How To Make Enemies and Offend People is probably the funniest book in stores right now. It made me regret that I had not read G Sampath’s columns before and it has made me a die-hard fan.
The English Internet in India has quite a few satirists, fake news sites, bloggers and humour columnists—in a country that is baffling to everyone who lives in it, this is not surprising at all—but off the top of my head, I can’t name more than a couple of humorists as funny as G Sampath.
And even those two funny men don’t seem to have as wide a range of topics or as much variety in style.
No one has surprised me by veering suddenly into the profound when I was expecting more comedy. No one has made me laugh at the truth, with the truth, challenged my perspective, given me hope and made fun of my idols within the space of 200-odd pages.
For this remarkably funny collection of essays that actually do manage to offend you in many places, G Sampath deserves praise. It’s not easy making people think about things they are unwilling to think about and doing that while making them laugh at themselves is even harder.
This collection of humourous (mostly satirical) essays is sorted under five headings:
1. Offending the wife
2. Offending myself
3. Offending women (other than wife)
4. Offending big people
5. Offending anybody who is willing to take offence.
Some chapters like The Delhi Police Guide to Making Women Rape Proof are pure satire, while some like Ten Questions You Wish Somebody Would Ask Sachin are sure to make you argue while you read it. Delighted by the wordplay, I read How Gross Is Your Gross Domestic Output aloud and alone, twice in a row.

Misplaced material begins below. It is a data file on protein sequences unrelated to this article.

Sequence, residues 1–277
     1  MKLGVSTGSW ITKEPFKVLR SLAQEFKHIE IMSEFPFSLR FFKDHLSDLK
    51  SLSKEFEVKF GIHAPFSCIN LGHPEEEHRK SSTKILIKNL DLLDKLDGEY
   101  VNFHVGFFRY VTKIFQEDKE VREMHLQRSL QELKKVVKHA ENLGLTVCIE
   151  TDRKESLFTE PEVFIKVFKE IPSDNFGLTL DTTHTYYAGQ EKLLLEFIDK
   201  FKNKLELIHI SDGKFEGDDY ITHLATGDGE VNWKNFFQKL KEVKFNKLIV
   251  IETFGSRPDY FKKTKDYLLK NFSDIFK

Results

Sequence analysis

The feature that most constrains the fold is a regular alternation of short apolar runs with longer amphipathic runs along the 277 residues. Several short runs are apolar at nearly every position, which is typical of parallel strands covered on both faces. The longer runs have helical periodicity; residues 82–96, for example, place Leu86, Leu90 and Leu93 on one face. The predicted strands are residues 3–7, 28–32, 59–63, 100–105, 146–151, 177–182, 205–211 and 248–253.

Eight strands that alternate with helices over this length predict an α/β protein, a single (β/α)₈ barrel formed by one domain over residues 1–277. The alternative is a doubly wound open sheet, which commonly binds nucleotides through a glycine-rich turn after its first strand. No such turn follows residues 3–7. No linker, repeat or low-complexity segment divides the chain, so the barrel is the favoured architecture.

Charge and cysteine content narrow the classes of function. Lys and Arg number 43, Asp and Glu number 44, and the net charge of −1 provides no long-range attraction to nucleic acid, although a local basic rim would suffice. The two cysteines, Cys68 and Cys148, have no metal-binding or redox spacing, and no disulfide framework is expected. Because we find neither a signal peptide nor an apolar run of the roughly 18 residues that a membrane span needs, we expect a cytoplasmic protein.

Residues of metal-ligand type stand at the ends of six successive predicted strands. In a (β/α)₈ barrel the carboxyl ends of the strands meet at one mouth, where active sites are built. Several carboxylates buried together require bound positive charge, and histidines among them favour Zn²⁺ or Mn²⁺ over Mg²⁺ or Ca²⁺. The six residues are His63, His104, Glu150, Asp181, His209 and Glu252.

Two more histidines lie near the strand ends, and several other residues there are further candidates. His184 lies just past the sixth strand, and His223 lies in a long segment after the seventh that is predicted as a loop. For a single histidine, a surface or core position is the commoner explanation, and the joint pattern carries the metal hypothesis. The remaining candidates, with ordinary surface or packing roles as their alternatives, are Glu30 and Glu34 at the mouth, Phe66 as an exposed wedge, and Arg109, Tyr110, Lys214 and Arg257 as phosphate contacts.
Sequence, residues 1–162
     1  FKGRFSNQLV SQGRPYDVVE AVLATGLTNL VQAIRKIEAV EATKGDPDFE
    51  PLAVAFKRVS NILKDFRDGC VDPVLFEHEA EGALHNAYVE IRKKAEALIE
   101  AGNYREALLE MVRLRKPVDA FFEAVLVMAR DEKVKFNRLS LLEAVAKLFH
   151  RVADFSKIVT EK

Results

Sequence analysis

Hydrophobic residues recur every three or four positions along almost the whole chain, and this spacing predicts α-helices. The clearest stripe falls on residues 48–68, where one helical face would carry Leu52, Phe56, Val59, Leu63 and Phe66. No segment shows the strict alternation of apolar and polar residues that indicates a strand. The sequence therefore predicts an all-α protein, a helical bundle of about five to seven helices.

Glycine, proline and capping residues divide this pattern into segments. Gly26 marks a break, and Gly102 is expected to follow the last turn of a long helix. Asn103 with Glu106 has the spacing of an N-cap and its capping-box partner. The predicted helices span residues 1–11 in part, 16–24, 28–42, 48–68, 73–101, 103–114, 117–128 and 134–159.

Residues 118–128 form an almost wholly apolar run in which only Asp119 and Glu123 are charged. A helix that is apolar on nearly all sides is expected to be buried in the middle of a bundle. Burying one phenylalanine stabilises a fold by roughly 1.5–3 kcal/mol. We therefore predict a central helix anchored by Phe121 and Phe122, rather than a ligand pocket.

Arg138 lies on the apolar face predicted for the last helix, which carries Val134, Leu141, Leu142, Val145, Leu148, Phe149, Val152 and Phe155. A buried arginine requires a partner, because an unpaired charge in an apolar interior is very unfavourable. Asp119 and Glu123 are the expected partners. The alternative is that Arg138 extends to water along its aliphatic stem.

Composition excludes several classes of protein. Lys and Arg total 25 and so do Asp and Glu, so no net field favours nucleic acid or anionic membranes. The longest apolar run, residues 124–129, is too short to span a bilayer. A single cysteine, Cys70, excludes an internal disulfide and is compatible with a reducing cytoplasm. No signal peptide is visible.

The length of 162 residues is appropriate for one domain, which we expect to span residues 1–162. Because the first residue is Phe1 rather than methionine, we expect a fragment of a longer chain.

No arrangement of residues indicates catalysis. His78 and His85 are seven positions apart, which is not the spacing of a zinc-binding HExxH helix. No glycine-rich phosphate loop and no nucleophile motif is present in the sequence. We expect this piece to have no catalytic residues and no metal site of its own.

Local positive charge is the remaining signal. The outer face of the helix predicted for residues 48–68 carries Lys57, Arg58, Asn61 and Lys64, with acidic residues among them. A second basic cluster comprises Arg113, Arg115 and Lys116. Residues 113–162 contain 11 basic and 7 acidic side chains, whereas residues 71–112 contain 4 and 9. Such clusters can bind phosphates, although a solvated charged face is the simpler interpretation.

Read this paragraph, for instance that appears in a chapter entitled So Who Would You Like to See ‘Disappeared’ This Week?
“I believe there is also an irreproachable logic behind wanting all economists to disappear: I want to ‘disappear’ economists because economists ‘disappear’ human beings. In face, making humans disappear is at the core of what they want to do. They take agency away from humans, grant it to abstract constructs like Capital or Market (which even has an ‘invisible hand’, they tell us) or Technology of Growth, and reduce humans into factors (‘factors’, kindly note, do not possess messy properties like life or human rights and they do not bleed or shed tears) of economic production.”
Or sample this, from The Importance of Being Depressed:
“We are told, day in and day out, that this is the best of all possible worlds. And we force ourselves to believe it, even as we lead lives of quiet desperation in a society we know to be sick. The sicker we are, the more desperate is the need to have fun, to blank it all out. But then, most of us have a rather low threshold for truth. Whoever said that the truth shall set you free got it wrong. It only gets you depressed.”
Damn, that’s not funny. That hits you at the bottom of your stomach and you curl into a ball.
I started to read this book with the defiant “I don’t laugh easily” attitude, and ended up reading the whole book in one stretch, laughing, chuckling and giggling all the way to the end. Read it.